Lamb tenderloin preparation?

Every now & then my Whole Foods has lamb tenderloin. I’ve picked it up a few times and enjoy the texture, but am curious as to how others would go about prepping. My best method so far was rosemary sprigs, olive oil, and chopped garlic in a bag for a few hours then a quick pan sear to a warm pink middle. I ate this plain, but could see it being chopped & tossed into a pasta perhaps.

Any thoughts or experiences?

Why mess with a good thing? Other than grilling it, I don’t know what’s to improve or change.


I enjoy those cuts too. In fact, pan seared four in cast iron skillet earlier this week to pair with Cabot’s '06 Kimberly. I sprinkled some of the Whole Foods Mediterranean seasoning on and dropped in pan with hot grapeseed oil. Yum!


I like to butcher my own…

we tend to grill these whole or slice and skewer them as well.

now and then I’ll prepare them like this

the tenderloins are in the middle surrounded by the loins

Mel, what you bought looks to me like a selle d’agneau or saddle of lamb.

I have struggled to get butchers to understand what I was asking for, it is an extremely elegant dish and one of the best pairings with a great old Bordeaux.

I think that is a Kirkland sticker, you got it at Costco, right?

Typically for selle d’agneau you leave the meat on the bone and present the entire piece as packaged at table. After roasting.

There is SO little meat on it. But one way I have carved it is to cut lengthwise, like “bacon” strips. Normally we have had a fancy rice dish (a pilaff with pine nuts and raisins etc) and you can lay the strips over the rice. You can also give everybody a “wine cork” shaped piece of meat. You have to have other courses to make up for the skimpy servings, a saddle really doesn’t go for 4 people very well.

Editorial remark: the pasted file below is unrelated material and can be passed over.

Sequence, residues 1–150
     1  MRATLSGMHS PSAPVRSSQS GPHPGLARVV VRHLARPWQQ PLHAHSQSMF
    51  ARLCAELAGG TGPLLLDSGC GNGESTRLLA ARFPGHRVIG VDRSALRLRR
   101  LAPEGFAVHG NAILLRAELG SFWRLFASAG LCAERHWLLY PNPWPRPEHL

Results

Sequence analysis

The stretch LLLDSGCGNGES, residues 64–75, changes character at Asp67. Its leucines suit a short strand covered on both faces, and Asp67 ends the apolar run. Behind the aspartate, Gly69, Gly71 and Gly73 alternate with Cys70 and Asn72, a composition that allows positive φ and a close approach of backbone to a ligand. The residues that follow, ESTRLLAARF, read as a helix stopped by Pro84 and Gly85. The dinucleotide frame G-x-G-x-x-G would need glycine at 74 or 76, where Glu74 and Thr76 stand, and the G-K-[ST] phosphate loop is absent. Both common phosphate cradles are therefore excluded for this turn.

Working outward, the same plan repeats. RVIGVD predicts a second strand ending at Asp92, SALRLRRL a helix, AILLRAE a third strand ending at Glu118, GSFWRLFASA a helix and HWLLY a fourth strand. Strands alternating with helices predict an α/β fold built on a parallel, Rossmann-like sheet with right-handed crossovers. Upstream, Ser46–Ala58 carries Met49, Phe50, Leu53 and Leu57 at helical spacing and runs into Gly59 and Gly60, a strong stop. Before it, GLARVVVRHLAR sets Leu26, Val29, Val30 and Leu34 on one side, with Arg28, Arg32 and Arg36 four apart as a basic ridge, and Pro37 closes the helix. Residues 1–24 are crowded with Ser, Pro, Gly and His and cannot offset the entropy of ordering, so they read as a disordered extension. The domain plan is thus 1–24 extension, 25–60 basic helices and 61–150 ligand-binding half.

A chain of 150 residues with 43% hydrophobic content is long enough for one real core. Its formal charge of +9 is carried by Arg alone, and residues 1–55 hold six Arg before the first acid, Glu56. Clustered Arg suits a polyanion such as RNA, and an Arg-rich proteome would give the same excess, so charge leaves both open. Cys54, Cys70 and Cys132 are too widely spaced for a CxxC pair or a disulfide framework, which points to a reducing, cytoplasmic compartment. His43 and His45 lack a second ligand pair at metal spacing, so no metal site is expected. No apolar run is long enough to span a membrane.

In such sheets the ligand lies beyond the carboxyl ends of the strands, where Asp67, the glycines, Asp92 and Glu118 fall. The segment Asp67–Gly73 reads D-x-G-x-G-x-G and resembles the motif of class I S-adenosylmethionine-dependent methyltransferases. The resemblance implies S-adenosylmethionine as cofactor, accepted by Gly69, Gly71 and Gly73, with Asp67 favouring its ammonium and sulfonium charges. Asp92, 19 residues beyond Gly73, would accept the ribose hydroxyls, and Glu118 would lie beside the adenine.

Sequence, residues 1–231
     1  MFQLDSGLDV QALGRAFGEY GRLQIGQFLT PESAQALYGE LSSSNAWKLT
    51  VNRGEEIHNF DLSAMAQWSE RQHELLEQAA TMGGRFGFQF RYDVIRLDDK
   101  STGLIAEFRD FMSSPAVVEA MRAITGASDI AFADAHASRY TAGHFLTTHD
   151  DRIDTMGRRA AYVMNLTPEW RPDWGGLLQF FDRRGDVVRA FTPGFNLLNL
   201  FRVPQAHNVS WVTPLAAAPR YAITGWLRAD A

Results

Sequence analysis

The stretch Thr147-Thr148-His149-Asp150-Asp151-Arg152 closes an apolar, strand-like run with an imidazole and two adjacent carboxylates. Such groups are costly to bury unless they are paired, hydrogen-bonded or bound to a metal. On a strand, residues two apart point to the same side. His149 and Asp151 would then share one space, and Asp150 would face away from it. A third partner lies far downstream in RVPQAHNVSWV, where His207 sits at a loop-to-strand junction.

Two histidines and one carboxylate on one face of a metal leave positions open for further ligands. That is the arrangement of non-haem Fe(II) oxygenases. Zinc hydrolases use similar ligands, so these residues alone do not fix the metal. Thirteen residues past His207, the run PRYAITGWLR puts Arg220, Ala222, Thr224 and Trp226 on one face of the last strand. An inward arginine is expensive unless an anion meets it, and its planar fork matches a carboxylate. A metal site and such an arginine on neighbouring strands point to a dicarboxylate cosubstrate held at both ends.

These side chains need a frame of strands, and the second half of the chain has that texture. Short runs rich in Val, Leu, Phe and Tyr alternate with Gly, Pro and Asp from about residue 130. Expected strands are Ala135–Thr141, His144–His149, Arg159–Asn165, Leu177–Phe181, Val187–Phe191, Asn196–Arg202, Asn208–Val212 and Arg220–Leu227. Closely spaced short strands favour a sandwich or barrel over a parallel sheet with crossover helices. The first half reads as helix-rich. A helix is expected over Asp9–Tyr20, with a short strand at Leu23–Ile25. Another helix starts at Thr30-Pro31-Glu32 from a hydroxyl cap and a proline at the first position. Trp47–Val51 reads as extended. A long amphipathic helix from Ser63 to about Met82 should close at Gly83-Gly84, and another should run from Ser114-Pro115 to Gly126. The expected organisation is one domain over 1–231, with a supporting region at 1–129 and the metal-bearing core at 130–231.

I think I remember following recipes from the old Julia Child books and maybe Gourmet’s Easter Dinner from April 1984…

Yes, purchased at costco. This is what the store cuts into loin chops I just asked them for the whole section,
I’m not up on my Lamb cuts but could this be more of an upper (closer to the shoulder) portion of the the backbone
(and what lies below) the Lamb saddle images I remember did not have the loin portion of meat. I’ll have a look in
one of my older French books and report back…

Julia Child, “Mastering” Vol 2, page 197.

The saddle of lamb is the loin. On a beef carcass it would be the whole Porterhouse and T-bone steak section on both sides, and on lamb it is the whole loin-chop area. It is, in fact, a giant butterfly loin chop 8 to 10 inches thick, consisting of the 2 meaty loin strips that run along either side of the backbone on top, and the 2 smaller tenderloin strips that run its length underneath. What would constitute the tail of the chop is the flank, or flap of meat attached to each side.

She has a drawing with the thirteenth rib at front and then going back 7 more vertebrae. I think that’s what is in your picture. What follows in MTAOFC 2 is a recipe for Selle d’Agneau Rôtie. I would suggest getting out your dustiest bottle of a nice left bank second growth and preparing Selle d’Agneau for a very fancy party.

If you are going to marinate, try adding green peppercorn mustard to the one you describe. Dijon is OK. I do it more like a wet rub/paste and wrap it in plastic.

Lamb Wellington is a great way to use them too.

I like to dust lamb loins and tenderloins in flour, dip them in an egg wash, and then roll them in porcini powder. They can be left in the fridge for an hour or two before dinner to let the porcini flavor permeate the meat. I then sautee them and then throw them in a hot oven until they are medium rare. It’s one of my favorite go-to dishes. Paired with a mushroom risotto, it’s always a winner.